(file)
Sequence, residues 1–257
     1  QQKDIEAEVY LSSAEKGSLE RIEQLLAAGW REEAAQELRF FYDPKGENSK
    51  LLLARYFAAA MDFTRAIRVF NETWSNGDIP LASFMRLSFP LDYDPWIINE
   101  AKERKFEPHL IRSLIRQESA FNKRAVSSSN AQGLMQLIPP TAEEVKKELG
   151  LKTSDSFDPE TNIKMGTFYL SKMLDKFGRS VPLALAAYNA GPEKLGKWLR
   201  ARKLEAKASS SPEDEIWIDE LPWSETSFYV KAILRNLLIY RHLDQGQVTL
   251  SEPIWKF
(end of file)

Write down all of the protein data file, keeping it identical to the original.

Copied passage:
Sequence, residues 1–257
     1  QQKDIEAEVY LSSAEKGSLE RIEQLLAAGW REEAAQELRF FYDPKGENSK
    51  LLLARYFAAA MDFTRAIRVF NETWSNGDIP LASFMRLSFP LDYDPWIINE
   101  AKERKFEPHL IRSLIRQESA FNKRAVSSSN AQGLMQLIPP TAEEVKKELG
   151  LKTSDSFDPE TNIKMGTFYL SKMLDKFGRS VPLALAAYNA GPEKLGKWLR
   201  ARKLEAKASS SPEDEIWIDE LPWSETSFYV KAILRNLLIY RHLDQGQVTL
   251  SEPIWKF